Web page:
Samsung UN65F6300 65-Inch 1080p 120Hz Slim Smart LED HDTV Retail $3100 Now $1703.19-45% off

 

Samsung UN60F7100 60-Inch 1080p 240Hz 3D Ultra Slim Smart LED HDTV Retail $3100 Now $1997.99

 

LG Electronics 47GA6400 47-Inch Cinema 3D 1080p 120Hz LED-LCD HDTV with Google TV and Four Pairs of 3D Glasses Retail $1300 Now $731.17-44% off

 

Sony KDL-50R550A 50-Inch 120Hz 1080p LED HDTV (Black) Retail $1400 Now $898.00-36% off

 

Sony KDL-60R550A 60-Inch 120Hz 1080p LED HDTV (Black) Retail $2100 Now $1460.63

 

LG Electronics 50LN5400 50-Inch 1080p LED-LCD HDTV with Smart Share Retail $1100 Now $629.00-43% off

 

LG Electronics 55LN5400 55-Inch 1080p LED-LCD HDTV with Smart Share Retail $1400 Now $798.00-43% off

 

Panasonic TC-P50S60 50-Inch 1080p 600Hz Plasma HDTV Retail $900 Now $669.99

 

One Final Tip

If you pay for your new HDTV with any MasterCard, American Express, or a Visa Signature (only) credit card, you will automatically get double the manufacturer’s warranty through the card company. As most HDTVs come with one year parts and labor, this gives you two years P&L at no extra charge.

 

All of the listed HDTVs are sold by Amazon direct and  offer a 14 day low price guarantee, 2% Back in Rewards (on TVs $999 or higher) and 30 Day returns with free return freight on TVs. They stand behind their sales. Note: prices are correct as of posting and may change at any time, please verify with our links; Currently, most states do not collect sales tax on Amazon orders with the exceptions of  AZ, CA, TX,  KS, KY, NJ, NY, ND, PA & WA. You always must pay sales tax (in states that collect it) when buying at a brick and mortar store. Should you buy an HDTV from on-line or from a retail store?  For the answers read our article here.

 

 

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5 Comments so far ↓

  • Gary Ham

    You really are doing a disservice to the authorized dealers that sell UPP products when you say to have dealers match non authorized outlets. You’ve written about places like Abe’s of Main and East Coast TV’s and even say you don’t recommend buying from them.

    Why should an authorized dealer match an unauthorized dealer’s price when its not a real price to begin with and offers no after sale service/advice as well? As you said yourself, unless you purchase overpriced accessories etc, buyers won’t get the set….well, maybe a refurbished one or open box.

    I’m sure Amazon.com which you promote heavily would be happy with your comments.

    Please respond in your column to this.

    Thank you.

    I’m sure Amazon.Com which you promote heavily loves this/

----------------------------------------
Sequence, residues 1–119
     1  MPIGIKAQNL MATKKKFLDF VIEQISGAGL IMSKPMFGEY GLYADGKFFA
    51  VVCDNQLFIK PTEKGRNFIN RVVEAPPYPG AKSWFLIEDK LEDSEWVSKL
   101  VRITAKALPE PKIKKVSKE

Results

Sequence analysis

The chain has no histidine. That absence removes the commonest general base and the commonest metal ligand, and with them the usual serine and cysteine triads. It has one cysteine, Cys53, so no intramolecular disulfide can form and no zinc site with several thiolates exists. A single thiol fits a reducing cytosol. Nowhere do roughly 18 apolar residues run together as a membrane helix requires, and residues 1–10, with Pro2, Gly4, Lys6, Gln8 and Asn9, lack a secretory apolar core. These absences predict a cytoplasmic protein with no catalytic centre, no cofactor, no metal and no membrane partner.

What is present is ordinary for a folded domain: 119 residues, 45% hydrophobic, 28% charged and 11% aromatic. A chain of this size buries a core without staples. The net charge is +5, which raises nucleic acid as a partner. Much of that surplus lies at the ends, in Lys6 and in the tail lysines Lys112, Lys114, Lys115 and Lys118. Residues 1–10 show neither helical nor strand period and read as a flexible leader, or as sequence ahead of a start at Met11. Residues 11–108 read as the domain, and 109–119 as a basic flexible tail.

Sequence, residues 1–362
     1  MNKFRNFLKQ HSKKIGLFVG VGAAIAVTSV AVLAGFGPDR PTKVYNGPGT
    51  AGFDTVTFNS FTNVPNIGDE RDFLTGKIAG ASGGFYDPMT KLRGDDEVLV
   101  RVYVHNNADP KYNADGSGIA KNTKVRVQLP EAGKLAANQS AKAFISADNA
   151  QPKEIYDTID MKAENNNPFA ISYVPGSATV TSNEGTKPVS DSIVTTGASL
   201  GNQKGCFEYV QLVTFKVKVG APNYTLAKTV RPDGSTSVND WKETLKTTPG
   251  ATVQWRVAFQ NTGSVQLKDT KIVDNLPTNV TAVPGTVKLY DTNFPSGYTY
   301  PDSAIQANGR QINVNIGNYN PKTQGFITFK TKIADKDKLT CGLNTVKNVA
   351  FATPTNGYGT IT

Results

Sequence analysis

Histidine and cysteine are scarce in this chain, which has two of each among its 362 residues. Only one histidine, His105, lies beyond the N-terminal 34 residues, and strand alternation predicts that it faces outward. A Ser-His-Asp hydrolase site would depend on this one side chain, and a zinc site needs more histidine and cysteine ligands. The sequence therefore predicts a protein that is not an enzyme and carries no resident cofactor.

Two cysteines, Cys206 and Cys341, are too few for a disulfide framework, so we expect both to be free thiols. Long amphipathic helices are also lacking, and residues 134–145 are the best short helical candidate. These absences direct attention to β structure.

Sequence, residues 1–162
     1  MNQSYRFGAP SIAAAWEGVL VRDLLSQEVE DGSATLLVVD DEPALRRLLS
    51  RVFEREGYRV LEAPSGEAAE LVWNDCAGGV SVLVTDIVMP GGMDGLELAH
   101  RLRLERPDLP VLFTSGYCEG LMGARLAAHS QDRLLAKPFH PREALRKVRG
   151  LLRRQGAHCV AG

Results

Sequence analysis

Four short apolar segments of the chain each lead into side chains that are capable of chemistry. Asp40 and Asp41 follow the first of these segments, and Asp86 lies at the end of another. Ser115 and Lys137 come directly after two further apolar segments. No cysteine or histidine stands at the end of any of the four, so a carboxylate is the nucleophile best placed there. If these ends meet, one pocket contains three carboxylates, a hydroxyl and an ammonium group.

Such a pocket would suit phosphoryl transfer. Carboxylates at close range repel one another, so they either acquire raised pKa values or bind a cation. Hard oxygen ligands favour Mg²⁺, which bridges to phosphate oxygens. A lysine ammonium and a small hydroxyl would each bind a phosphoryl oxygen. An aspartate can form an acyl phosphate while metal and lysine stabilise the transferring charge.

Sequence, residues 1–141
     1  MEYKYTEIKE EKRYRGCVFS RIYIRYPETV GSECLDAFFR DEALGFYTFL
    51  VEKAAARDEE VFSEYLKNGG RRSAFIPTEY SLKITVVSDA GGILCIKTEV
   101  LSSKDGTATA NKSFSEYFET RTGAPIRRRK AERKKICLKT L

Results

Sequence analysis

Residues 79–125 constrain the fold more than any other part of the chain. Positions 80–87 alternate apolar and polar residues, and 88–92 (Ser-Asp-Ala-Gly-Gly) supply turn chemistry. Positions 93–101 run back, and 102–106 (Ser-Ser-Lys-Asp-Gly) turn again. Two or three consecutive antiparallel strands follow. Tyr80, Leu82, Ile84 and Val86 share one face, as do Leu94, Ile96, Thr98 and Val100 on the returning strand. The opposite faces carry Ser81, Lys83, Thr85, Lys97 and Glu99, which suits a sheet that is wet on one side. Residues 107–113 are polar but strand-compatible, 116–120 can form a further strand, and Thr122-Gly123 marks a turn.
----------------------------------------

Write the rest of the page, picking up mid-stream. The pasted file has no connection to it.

• Brian

    @Dillon. FWIW, I have two other Panasonic plasmas that I bought in 09 and 10 and both work fine and have never had a problem. I’ve owned several Panasonics over the years and I’ve never needed a single repair on any of them.

  • Dillon

    So the S60 has great reviews, but will it last as long as the Samsung models? Is the build quality comparable?

    Do the Samsung F5300 and 51F5500 use the same plasma display, one just has more features or is the 51F5500 actually a better display?

    You’ve actually talked me into a plasma, now it is a matter of which one!

  • Frank

    ” For example, its 50-inch Smart top rated plasma model TC-P50ST60 sells for $997.99 from Amazon Direct, including shipping. Use this price as a starting point to negotiate the best deal possible.”

    This is just about the same price that places such as Sears, Best Buy and Abt Electronics are listing for that same model, so what would be the point in using it as a baseline for negotiations?

    The 50ST60 is very popular (being top rated does not hurt) and is currently back ordered by 2-3 weeks on Amazon too. The laws of supply and demand still apply especially at Amazon, where the price tend to drop when the supply is high and rise when it is low.

    HD Guru

  • Brian

    I just splurged on the 50″ S60. I use a couple browser extensions to compare prices (Invisible Hand and the Camelizer). Not sure if people realize how often Amazon changes their prices on pretty much everything. I would sign on to check out this TV and the prices would fluctuate daily. Sometimes several times per day. Also, while the extensions I referenced are helpful, they’re not perfect. There was literally a 4 hour window last week where Amazon’s price for this TV went down to $649.99. Because I’m off from work for the summer, I’m able to sign on a million times per day so I saw it, but the Camelizer never notified me. In fact, in their price chart, they still say the lowest price ever for this set was $679.99. Amazon also set up a 3 hour window for delivery at the time of checkout which is great. I went to Best Buy recently and it’s really hard to compare TVs because they have the LEDs’ brightness so damn hot that it makes the Plasmas look dingy by comparison. I kept having to tell my wife, “Trust me, plasmas are better.”